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Plant morphological change; a result of climate change, predation or both?

May 21, 2012

As I run through the tropical forest in Oregon, I take time to take look at the plants and how they have changed over the years. I stop and think about what caused such change. I have learned through my biology courses, morphological change takes time and must occur through evolutionary adaptation that is passed on from parent to offspring.

When I look at all of the changes over the years, I consider global warming, an undeniable phenomena that is occurring over the world. It’s common knowledge, plants are affected by CO2. Plants uptake CO2 through the earth’s atmosphere and then releases it as O2. It is also well known the increase in CO2 in the atmosphere has aided in global warming.  What has increase in CO2 has done to the plants?

As I began to look into this I was able to find a study that looks at CO2 effect on species interaction and an evolutionary adaptation on plant population. In Vannette and Hunter (2011) study on Asclepias syriaca (Milkweed, a native to North America), evolutionary adaptation to elevated CO2; results showed that the plant, under elevated CO2, may have caused changes in:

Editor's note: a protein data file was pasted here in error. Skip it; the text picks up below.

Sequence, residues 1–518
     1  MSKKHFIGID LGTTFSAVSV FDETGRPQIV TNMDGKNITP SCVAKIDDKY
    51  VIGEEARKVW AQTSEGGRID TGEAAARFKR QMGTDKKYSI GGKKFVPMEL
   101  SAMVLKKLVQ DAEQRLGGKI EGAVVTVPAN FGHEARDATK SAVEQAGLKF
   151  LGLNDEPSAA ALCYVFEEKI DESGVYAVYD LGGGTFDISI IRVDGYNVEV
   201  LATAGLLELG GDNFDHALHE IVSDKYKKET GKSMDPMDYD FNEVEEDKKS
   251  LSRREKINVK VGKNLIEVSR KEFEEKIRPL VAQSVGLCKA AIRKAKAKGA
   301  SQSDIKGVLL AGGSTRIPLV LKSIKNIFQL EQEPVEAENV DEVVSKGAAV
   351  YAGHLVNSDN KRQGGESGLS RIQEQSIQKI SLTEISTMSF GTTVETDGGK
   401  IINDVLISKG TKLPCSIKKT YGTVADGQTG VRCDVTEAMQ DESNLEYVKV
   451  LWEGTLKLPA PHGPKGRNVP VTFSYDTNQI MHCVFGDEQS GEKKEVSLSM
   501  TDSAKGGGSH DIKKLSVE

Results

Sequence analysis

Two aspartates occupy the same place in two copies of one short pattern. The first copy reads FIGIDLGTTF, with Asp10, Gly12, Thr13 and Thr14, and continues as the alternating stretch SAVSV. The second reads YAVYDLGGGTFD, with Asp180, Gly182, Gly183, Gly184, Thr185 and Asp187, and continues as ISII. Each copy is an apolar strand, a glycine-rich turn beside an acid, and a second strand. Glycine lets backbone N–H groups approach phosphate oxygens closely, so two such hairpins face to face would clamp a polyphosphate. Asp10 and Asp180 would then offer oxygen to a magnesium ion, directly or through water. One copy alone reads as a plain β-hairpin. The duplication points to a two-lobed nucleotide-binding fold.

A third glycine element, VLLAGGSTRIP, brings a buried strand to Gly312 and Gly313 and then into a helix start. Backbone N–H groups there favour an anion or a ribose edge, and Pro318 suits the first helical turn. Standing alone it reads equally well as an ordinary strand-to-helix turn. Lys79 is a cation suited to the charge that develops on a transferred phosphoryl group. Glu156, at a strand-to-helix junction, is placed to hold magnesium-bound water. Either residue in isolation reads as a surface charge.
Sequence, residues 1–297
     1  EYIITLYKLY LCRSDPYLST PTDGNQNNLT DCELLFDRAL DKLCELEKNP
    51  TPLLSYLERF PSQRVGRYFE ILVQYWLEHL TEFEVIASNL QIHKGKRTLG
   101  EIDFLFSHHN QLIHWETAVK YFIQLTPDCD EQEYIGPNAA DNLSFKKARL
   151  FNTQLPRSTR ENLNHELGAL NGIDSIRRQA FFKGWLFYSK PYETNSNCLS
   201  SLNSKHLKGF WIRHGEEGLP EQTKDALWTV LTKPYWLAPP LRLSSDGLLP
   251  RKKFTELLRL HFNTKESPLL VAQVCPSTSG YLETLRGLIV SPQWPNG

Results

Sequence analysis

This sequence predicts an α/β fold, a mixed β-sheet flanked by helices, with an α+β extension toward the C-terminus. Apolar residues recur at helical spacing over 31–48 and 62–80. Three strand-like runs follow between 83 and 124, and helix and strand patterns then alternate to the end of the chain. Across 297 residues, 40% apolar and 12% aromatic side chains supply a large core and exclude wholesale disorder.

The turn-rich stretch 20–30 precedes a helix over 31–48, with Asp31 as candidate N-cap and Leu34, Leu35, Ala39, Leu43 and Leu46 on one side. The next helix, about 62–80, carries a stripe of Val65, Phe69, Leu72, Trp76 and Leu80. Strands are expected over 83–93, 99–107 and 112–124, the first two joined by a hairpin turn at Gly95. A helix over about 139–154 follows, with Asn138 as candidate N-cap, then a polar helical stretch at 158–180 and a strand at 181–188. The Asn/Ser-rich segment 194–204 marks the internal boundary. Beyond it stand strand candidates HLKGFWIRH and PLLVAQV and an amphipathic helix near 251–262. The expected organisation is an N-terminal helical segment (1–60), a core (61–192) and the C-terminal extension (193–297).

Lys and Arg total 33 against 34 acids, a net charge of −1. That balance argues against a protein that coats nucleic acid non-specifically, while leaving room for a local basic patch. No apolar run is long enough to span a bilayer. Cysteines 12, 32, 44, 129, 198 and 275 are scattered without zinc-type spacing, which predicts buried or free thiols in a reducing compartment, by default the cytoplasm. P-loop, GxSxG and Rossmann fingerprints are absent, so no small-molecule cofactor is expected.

• Biomass and,
  • Defensive phenotype: Possible indicate a shift to a different ontogenetic stage where plants rely on tolerance and physical defenses rather than chemical defense.

Vannette and Hunter (2011) also found heritable intraspecific variation in the expression of defense phenotype and found that the effect of CO2 on the expression of defenses was often genotype-specific. Elevated CO2 increased plant tolerance to herbivory by mitigating the negative effect of herbivory on the number of bud meristems produced on plant rhizomes (Vannette and Hunter 2011). Vannette and Hunter (2011) were able to conclude that elevated Co2 does not directly change genotype frequencies within the population of A. syriaca; rather, insect herbivory acting on altered defensive phenotype will likely shape the evolution of this plant population instead. Thus, presenting the question what are the key roles of interactions evolutionary adaptation to global climate change; specifically herbivory and genetic composition of the plant population defensive phenotype.

If herbivory and pathogen interaction to plant and climate change intrigues you stay tuned for post three.

File:Asclepias syriaca.jpg

Photo credit: Common milkweed, Wikipedia

Credits:

Vannette and Hunter 2011: Genetic Variation in expression of defense phenotype may mediate evolutionary adaptation of Asclepias syriaca to elevated CO2; Rachel L. Vannette and Mark D. Hunter. Department of Ecology and Evolutionary Biology, University of Michigan. Global Change Biology (2011) 17, 1277-1288

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